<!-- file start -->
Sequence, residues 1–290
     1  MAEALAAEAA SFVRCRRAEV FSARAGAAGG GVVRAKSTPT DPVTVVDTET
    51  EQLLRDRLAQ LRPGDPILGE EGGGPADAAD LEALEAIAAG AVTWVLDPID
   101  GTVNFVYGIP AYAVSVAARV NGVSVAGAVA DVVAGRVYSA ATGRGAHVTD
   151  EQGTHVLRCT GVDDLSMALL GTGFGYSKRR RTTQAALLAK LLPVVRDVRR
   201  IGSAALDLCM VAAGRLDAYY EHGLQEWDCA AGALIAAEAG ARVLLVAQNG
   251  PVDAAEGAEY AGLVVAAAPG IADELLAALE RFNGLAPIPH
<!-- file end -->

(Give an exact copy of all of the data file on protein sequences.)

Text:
Sequence, residues 1–290
     1  MAEALAAEAA SFVRCRRAEV FSARAGAAGG GVVRAKSTPT DPVTVVDTET
    51  EQLLRDRLAQ LRPGDPILGE EGGGPADAAD LEALEAIAAG AVTWVLDPID
   101  GTVNFVYGIP AYAVSVAARV NGVSVAGAVA DVVAGRVYSA ATGRGAHVTD
   151  EQGTHVLRCT GVDDLSMALL GTGFGYSKRR RTTQAALLAK LLPVVRDVRR
   201  IGSAALDLCM VAAGRLDAYY EHGLQEWDCA AGALIAAEAG ARVLLVAQNG
   251  PVDAAEGAEY AGLVVAAAPG IADELLAALE RFNGLAPIPH